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Newspaper Page Text
poor man. I never did until ! was
"Didyou want to tell me something
about the department stores,"
asked, anxious to change the sub-.
"No, I just wanted to talk about
myself. I am in a terrible hole and
I don't know how to get out of it.
I am so worried" I can not sleep and
somehow I thought you might help
me, or that I would feel better by
talking to you.
"Yousee," she continued, as I did
not answer her, "when my father
died a little less than a year ago, and
just eight month's after" mother's
death, he left me an insurance of a
thousand dollars, and nothing else,
Our home and what other assets he
had went to the creditors.
"And out of thatvthousand dollars
. I had to pay his doctor bill and fu
neral expenses. I had eight hundred
dollars left" ,
"Somehow when Jthe people at
home knew I wasn't an heiress they
were unfriendly, so I left immediately
and came to Chicago.
"I realized that I couldn't live long
on that money and I did try to perfect
myself in some special way.
"I took a course iri shorthand and
typewriting and I tried hard enough
to learn. They kept me in the school
six months, but I heard so many tales
of the big salary I would get when
working that I didn't economize,
though I was living in a. very different
manner than when at home:
"At the. end of the six months,
when I should have graduated, the
teacher told me I hadn't tried to
learn, that I would never be a com
petent stenographer, and they didn't
feel they should take my money any
"I knew I had tried, but the sys
tem was so complicated-.and I could
not read what I had written.
"I was almost crazy that day. I
bought some' laudanum, pretending I
wanted it for-a toothache, andlocked j
myself in my rojbm. But it takes too
much courage to kill oneself I just
couldn't do it
"The next day I went down to the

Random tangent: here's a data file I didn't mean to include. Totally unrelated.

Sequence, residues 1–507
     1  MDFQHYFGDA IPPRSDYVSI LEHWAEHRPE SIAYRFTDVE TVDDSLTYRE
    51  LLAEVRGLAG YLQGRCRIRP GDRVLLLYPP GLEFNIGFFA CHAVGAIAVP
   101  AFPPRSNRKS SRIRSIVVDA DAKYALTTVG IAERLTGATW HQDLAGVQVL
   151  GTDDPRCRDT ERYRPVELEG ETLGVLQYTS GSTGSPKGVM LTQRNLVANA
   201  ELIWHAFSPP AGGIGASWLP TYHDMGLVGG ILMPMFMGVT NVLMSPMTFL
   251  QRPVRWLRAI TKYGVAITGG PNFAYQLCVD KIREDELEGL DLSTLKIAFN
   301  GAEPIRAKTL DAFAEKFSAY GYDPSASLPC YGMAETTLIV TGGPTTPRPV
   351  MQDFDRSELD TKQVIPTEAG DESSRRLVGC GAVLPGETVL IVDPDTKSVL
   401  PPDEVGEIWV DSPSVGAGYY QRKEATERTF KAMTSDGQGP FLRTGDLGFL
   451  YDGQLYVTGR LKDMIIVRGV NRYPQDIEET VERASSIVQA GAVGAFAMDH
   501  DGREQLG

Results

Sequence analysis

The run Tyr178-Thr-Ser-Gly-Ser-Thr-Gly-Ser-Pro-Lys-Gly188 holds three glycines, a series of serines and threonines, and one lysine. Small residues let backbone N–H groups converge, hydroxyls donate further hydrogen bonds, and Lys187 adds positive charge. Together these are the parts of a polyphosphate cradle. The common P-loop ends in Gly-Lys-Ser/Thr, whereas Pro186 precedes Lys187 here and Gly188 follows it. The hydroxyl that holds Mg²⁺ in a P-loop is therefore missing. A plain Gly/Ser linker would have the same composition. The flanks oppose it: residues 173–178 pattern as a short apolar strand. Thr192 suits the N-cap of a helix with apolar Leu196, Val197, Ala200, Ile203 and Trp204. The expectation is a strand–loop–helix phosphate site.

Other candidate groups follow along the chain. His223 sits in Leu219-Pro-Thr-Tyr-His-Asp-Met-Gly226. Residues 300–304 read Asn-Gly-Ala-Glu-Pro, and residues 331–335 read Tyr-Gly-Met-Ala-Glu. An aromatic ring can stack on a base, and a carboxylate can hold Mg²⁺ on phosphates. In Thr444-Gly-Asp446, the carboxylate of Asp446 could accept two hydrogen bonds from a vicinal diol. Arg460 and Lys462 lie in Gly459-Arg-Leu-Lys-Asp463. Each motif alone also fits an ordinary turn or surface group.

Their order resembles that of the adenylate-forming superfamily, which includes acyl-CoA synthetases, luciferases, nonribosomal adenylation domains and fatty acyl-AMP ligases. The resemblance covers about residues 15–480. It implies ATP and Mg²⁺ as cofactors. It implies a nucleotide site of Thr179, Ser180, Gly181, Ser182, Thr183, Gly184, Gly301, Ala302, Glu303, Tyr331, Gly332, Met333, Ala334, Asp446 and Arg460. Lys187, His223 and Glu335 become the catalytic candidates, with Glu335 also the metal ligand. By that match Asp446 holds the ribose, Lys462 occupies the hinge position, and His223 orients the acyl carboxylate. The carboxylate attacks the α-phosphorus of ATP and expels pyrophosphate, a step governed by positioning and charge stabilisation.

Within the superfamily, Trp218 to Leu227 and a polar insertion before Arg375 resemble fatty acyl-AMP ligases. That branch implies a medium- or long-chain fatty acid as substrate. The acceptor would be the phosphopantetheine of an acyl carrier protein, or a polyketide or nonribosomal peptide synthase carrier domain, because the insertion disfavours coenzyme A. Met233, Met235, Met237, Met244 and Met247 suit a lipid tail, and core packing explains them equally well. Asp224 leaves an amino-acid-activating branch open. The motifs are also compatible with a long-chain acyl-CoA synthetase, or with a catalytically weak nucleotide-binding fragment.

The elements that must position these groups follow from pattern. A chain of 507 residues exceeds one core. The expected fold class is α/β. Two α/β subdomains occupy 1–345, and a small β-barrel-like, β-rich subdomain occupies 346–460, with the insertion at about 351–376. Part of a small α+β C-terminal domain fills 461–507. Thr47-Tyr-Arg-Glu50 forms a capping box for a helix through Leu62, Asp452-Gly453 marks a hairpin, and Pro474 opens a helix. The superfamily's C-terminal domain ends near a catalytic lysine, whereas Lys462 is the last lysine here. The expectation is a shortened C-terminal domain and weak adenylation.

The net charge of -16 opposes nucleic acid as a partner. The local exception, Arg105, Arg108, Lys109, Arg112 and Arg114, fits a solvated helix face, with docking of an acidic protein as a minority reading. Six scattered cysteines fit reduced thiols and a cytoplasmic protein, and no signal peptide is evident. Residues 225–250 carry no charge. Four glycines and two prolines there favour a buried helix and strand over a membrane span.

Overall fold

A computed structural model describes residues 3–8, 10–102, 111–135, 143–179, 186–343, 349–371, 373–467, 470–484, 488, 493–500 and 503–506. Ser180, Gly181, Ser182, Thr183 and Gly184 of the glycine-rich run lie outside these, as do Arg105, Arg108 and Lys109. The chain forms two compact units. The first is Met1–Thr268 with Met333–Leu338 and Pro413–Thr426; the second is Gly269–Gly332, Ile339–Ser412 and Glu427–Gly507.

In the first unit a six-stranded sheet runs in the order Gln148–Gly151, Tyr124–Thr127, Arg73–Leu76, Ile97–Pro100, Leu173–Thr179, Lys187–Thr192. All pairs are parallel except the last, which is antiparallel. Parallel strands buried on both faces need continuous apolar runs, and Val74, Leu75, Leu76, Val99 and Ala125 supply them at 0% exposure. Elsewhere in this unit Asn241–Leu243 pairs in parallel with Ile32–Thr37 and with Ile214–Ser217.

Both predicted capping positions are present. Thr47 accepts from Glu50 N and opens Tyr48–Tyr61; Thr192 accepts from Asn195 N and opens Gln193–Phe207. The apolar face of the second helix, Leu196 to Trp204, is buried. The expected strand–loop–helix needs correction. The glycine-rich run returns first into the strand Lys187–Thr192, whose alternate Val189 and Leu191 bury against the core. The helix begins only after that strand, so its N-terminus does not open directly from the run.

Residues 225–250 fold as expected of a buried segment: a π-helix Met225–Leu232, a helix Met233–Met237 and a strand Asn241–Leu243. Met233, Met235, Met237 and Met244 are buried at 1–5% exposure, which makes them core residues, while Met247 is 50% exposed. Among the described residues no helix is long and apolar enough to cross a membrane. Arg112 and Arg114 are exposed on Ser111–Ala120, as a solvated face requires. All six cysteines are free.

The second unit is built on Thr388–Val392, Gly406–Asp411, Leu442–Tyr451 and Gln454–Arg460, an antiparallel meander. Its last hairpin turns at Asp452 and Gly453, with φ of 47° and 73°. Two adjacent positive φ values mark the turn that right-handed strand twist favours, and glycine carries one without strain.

different State street stores, and, be
cause I have good style and am fairly
pretty, I got a position as saleslady
in the millinery department at. 's.
They pay me $7 a week.
"Do you knowwhat it costs me
just to exist?" she asked with a
vehemence that showed the strain
she was under. I haven't anything
worth while; I eat ten-cent break
fasts; I get a fifteen-cent lunch and
a 'thirty-cent table d'hote dinner.
"This room costs me three dollars
a week and my landlady forever re
minds me how cheap it is. I couldn't
live in anything smaller, and I
couldn't share a room with some girl
with whom I had nothing in com
mon, so altogether it costs me be
tween $il.50 and $12 a week just to
keep my heart beating.
"And that doesn't include the forty-dollar
gown I bought for opening
week, and have not used since. -
"Figure itup," she -said harshly..
"I have forty dollars left of my
father's money and I am earning
$4.50 less than I spend. That gives
me about nine weeks of existence
and then what?"
I vainly tried to answer her. Even
if I could help, her with stenography,
beginners only get $7. The cheaper
way of Existing by living in so-called
philanthropic homes was a method
I would not adopt myself, so could
not recommend to another.
She is a girl afraid to "kill herself,
afraid t6 starve to death and, I be
lieve, tod proud to take the third al
ternativethe "easiest way."
I am afraid that only the vice com
mission can answer this girl's ques-' ,
tion, and they must answer" it by a
$12 minimum wage, not the $8 that
the greedy employers are endeavor-
ing to convince them a girl may
live on. y . t
In the meantime well?